Sacrifice: the act of giving up something that you want to keep especially in order to get or do something else or to help someone.
Recently I’ve been thinking about sacrifice and motherhood. First we stop drinking, then we surrender our waistlines…and that’s before they’re born and the real work begins.
But the idea of “making sacrifices” for my daughter makes me uncomfortable. It sounds a little…controlling. After all, I chose this path. I asked to bring a child into the world, and I was lucky enough to receive this incredible little kid. And as I’m sure she’ll point out in her teenage years, she never asked to be born.
So to call anything related to her a “sacrifice” feels unfair, as if I’ll one day be yelling at her, “How can you behave like this, after all I sacrificed for you!”
And yet I do have to admit that the above definition of “sacrifice” is a decent description of the daily reality of parenting a young child. Goodbye to my petty desires: sleeping in, spontaneously hanging out with friends, not getting someone else’s poop on my hands. Giving up (some of) my small wants and luxuries is just part of the game.
This week’s Torah portion,
, is all about sacrifice. Not the Webster’s kind, but the ancient kind: fire, animals, wheat, oil, incense. Ever wondered which animals to offer for thanksgiving, and which for atonement? Or what to do if you’re supposed to sacrifice a ram, but can’t afford one? Vayikra has you covered (although, before you run out and buy a lamb, sacrifices haven’t been offered since the destruction of the Temple almost 2000 years ago).
Slaughtered rams, frankincense, sin-offerings: not exactly kid-friendly material on the surface. But oddly, there is a centuries-old tradition of small children beginning their Torah study with this exact portion.
Why start little kids here, with a list of obscure sacrifices we no longer observe? Why not start at the beginning, with the creation of the world?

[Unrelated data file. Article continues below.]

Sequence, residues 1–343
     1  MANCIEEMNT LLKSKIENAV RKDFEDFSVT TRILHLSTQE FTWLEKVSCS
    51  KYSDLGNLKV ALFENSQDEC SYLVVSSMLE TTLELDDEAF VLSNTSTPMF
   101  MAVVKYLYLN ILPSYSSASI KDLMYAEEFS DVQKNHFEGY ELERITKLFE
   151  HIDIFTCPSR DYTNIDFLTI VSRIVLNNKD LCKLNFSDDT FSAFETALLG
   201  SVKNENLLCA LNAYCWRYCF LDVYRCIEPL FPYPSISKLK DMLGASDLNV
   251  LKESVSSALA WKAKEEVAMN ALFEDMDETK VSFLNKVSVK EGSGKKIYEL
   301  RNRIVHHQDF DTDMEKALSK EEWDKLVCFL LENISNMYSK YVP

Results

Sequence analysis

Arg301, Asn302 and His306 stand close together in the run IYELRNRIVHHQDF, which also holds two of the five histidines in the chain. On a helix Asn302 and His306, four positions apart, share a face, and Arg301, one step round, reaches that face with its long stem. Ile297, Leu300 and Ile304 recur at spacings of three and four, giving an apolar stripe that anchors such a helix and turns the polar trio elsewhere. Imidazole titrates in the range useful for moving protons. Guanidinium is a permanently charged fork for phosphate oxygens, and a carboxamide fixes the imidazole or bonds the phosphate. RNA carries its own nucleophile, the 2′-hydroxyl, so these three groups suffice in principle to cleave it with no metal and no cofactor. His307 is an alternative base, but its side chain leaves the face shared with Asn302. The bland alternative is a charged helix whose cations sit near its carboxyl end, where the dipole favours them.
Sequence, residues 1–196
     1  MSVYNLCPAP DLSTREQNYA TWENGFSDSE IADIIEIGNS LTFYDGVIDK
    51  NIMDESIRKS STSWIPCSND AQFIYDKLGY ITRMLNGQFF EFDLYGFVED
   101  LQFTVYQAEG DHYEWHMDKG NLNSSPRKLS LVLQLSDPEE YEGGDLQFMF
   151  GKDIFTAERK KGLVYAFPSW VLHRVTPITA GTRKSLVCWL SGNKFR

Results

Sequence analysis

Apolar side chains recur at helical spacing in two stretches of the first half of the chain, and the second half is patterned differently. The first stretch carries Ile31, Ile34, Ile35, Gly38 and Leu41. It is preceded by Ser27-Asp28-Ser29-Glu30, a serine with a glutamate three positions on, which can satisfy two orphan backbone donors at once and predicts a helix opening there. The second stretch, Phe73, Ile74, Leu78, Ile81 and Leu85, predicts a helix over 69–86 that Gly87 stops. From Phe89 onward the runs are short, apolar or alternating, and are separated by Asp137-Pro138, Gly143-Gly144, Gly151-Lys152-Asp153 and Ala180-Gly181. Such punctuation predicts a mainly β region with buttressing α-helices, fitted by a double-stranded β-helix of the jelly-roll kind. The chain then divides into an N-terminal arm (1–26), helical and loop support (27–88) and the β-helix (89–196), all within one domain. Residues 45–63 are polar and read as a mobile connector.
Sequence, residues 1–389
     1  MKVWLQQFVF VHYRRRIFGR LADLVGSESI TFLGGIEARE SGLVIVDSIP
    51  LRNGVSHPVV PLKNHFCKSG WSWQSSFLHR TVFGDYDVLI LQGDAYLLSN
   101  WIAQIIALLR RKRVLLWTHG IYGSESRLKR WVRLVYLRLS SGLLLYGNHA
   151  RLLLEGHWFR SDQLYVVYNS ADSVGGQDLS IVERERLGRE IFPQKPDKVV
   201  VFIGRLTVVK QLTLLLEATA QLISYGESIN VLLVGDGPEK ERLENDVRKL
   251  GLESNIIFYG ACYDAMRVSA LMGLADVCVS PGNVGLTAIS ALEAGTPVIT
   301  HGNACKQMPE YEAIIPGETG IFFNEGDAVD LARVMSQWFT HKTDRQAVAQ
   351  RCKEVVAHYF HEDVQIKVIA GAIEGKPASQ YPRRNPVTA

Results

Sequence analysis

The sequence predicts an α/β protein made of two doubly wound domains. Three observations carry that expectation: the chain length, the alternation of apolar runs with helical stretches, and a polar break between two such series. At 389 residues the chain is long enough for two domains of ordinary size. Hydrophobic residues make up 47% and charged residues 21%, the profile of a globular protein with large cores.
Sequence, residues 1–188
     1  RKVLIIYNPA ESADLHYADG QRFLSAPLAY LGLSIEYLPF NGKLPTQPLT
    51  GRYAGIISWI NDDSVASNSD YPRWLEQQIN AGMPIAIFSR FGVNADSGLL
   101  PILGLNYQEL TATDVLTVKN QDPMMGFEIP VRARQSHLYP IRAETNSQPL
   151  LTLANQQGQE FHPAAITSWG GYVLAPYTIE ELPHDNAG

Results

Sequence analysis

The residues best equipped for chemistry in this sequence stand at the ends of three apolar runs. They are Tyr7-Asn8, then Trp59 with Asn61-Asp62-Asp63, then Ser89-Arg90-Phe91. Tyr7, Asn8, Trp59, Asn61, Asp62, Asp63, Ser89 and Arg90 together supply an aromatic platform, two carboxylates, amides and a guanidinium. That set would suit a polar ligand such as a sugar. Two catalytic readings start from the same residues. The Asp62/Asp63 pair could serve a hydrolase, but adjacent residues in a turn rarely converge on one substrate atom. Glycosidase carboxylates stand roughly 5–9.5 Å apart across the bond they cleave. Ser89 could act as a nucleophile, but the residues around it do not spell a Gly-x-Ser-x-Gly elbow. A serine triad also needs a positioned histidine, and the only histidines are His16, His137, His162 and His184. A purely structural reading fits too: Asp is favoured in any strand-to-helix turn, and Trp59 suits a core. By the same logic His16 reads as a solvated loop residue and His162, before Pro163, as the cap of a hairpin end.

Over 600 years ago, some rabbis asked the same question. The answer they came up with was sweet and rather mysterious: “Since the sacrifices are pure and the children are pure, let the pure come and deal with the pure.”
The English word “sacrifice” is related to the word “sacred,” but the original Hebrew is “korban,” which derives from the root for closeness. So a more literal translation for the Hebrew would actually be something like “closening.”
Yes, the offerings are sacred, but they also serve a specific purpose: to bring us closer. Sacrifices are what one of my teachers used to call a spiritual technology: an opportunity for connection with the Divine. Or, if you prefer, a chance to connect with the spiritual part of ourselves, which can easily get clouded over in the course of daily life.
With this in mind, the idea of making sacrifices as a parent doesn’t seem so manipulative after all. Do I mean abandoning your dreams entirely and ignoring your own deepest needs to pursue sainthood as a mother? No! After all, the Torah commands you to sacrifice animals, grain and oil–not yourself.
What I’m talking about is the daily practice of looking beyond our fleeting wants and desires in order to give our kids what they need. Pushing ourselves beyond physical comfort. Letting go of control over our space, our time, and the desire for a food-free floor.
These sacrifices are not easy, otherwise they wouldn’t be sacrifices. But neither do they have to lead to self-pity or resentment. Instead, they can be opportunities for closeness.
Maybe this is another reason why little children traditionally start with Vayikra. They live in closeness; they see the world with wonder, with awe, with the sort of clarity that can be hard for us adults to remember.
As for us, we make sacrifices for our kids because we know they are the right thing to do, the only thing to do. They are love in action. And in making them, we get to use this ancient spiritual technology in our own lives. We draw closer to our children, and draw them close to us.
But it’s beyond that, too. In transcending our temporary needs and desires, we grow closer with the world. We begin to move beyond who we were, what we thought we needed, what we thought our lives would look like. And we move into the simple reality of what is.
To read the previous posts in our Torah MOMentary series, click here.